By Rama Gaind
PS News Books
The Missionary Position
By Christopher Hitchens (Allen & Unwin, $19.99, softcover, 105 pages)
It appears that nothing is sacred anymore and so (could it be?), in the interests of accountability, Christopher Hitchens asks what makes Mother Teresa so divine.
In the first instance, the book’s title will produce a chuckle, but it doesn’t take long before you realise that closely tracking its attitude is the subhead: ‘Mother Teresa in Theory and Practice’.
Nobel Peace prize recipient, who was born Agnes Bojaxhiu, the Blessed Mother Teresa of Calcutta maintained that earthly rewards were important only if they helped her help the world’s needy.
Hitchens rejects the premise that Mother Teresa somehow represented the best of humanity and highlights that she was “overrated because of the adulation from the public and the press.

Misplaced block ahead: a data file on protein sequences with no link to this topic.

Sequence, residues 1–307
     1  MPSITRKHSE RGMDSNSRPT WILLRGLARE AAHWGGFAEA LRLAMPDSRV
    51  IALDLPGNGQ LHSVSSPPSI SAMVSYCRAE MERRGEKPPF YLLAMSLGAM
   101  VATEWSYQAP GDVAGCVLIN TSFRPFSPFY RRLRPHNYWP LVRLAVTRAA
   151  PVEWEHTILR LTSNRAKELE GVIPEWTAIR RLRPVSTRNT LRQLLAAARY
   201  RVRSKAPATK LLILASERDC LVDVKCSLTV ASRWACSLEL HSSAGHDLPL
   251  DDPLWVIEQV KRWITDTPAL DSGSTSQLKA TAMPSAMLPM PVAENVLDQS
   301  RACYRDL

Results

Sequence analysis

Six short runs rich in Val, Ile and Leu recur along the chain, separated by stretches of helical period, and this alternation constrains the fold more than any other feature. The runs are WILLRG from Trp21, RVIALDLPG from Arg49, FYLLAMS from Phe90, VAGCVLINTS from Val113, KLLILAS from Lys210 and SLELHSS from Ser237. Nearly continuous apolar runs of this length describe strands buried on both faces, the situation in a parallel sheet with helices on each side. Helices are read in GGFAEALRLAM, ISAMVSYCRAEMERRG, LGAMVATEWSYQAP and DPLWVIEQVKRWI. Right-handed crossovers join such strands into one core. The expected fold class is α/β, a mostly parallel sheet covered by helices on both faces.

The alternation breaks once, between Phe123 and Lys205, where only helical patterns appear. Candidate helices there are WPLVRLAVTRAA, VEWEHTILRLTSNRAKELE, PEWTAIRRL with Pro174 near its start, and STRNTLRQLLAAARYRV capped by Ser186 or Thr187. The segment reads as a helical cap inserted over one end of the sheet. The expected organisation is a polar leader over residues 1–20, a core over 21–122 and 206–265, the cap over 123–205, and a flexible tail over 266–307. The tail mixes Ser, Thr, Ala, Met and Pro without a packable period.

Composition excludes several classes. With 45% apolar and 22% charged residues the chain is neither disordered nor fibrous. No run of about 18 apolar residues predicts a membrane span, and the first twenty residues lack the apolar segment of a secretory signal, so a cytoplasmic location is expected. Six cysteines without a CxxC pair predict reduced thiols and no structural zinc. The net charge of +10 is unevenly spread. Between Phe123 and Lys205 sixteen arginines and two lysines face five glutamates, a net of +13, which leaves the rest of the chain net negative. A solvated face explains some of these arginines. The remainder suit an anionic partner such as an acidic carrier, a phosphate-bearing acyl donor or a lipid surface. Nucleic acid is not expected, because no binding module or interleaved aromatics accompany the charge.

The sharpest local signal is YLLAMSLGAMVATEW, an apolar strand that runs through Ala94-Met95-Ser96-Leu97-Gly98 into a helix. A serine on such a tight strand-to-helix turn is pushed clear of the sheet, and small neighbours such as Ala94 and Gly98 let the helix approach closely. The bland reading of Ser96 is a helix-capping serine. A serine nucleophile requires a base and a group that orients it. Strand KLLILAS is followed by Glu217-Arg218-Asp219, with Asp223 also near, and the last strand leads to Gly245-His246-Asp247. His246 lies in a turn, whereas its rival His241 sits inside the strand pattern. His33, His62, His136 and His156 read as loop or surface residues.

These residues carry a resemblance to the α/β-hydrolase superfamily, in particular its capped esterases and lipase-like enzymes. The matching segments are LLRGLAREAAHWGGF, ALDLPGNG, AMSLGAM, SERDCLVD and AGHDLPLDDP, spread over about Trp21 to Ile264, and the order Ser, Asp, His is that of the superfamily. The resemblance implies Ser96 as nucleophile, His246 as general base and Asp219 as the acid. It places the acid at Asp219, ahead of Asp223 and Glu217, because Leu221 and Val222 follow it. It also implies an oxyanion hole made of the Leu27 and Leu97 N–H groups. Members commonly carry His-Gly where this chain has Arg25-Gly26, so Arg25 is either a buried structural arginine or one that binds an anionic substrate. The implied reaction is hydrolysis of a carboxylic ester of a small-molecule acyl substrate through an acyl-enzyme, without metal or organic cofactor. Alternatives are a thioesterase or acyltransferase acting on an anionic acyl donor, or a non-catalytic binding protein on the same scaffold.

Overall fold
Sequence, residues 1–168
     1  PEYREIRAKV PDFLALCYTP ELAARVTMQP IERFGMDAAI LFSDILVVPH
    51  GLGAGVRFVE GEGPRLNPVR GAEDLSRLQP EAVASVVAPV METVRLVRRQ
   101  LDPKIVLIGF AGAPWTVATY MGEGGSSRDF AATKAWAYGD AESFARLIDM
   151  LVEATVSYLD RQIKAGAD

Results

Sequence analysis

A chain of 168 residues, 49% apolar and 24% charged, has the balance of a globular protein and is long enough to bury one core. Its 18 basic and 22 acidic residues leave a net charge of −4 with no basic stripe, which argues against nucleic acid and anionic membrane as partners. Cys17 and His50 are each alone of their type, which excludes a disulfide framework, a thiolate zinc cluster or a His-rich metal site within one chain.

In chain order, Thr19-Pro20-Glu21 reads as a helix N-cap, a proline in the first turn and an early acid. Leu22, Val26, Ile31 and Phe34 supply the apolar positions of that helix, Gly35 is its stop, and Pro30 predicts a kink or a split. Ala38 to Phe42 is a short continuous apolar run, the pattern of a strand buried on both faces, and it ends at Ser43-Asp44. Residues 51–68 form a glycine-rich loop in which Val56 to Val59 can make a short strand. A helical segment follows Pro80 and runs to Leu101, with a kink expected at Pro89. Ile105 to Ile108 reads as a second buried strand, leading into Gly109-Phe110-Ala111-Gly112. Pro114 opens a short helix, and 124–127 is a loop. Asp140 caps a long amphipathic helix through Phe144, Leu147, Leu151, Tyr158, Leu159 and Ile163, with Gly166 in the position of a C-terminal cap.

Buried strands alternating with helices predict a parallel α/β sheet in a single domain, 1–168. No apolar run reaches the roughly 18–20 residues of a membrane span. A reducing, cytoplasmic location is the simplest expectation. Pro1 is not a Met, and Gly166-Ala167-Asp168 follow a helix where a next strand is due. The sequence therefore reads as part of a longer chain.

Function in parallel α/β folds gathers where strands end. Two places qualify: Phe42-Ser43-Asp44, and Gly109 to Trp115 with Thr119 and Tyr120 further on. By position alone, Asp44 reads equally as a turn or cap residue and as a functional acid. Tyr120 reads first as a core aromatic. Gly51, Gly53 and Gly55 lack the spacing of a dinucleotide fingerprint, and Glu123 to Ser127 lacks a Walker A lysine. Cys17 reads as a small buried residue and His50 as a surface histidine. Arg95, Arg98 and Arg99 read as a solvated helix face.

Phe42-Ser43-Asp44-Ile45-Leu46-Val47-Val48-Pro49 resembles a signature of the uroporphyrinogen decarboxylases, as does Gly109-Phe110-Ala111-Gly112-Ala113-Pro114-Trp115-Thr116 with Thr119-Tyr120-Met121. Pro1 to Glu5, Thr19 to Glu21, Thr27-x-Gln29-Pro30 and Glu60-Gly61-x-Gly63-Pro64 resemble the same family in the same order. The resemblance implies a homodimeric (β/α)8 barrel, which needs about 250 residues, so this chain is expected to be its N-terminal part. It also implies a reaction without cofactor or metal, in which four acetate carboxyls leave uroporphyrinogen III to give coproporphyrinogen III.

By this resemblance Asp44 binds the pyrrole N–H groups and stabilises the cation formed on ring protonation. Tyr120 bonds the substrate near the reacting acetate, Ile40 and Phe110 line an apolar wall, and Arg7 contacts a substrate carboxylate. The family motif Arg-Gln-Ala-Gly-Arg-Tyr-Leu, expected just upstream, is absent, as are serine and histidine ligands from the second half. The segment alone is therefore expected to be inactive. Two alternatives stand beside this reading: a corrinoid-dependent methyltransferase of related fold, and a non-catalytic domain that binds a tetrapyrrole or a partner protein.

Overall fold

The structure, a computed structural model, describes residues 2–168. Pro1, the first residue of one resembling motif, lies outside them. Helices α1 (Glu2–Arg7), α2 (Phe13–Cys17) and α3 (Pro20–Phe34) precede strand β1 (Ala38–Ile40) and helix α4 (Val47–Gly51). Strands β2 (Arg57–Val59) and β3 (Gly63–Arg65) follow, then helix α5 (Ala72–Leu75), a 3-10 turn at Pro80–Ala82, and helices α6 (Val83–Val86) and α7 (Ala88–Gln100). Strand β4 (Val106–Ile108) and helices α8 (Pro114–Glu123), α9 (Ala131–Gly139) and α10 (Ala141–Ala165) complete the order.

The foreword by Thomas Mallon sheds further light in this way:
“Far from being some cackle of defilement, or even just a bit of bad-boy blasphemy, The Missionary Position is, in fact, a modest, rational inquiry, a calm lifting of the veil that drapes its sacred subject”.
The author examines his subject’s public pronouncements, her finances, projects and associates and states “… it remains less a polemic than an investigation rooted in personal passion”.
Hitchens (1949-2011), who has also written excoriating critiques of Bill Clinton, Henry Kissinger and Diana, Princess of Wales, covers a lot of ground to highlight Mother Teresa’s imperfections.
Included is her alleged negligence of the ill under her care and her association with wealthy and ‘unethical’ individuals including Haitian dictator Jean-Claude Duvalier and his wife Michèle and enigmatic quasi-religious figure John-Roger.
This ‘attack’ is not necessarily malicious, but the arguments delivered by Hitchens are rational with controlled analytical inquiry.
“All claims by public persons to be apolitical deserve critical scrutiny … And all claims made by those who affect a merely spiritual influence deserve a doubly critical scrutiny.”
Edition 326, 14 August 2012
To find out more about Rama Gaind click here.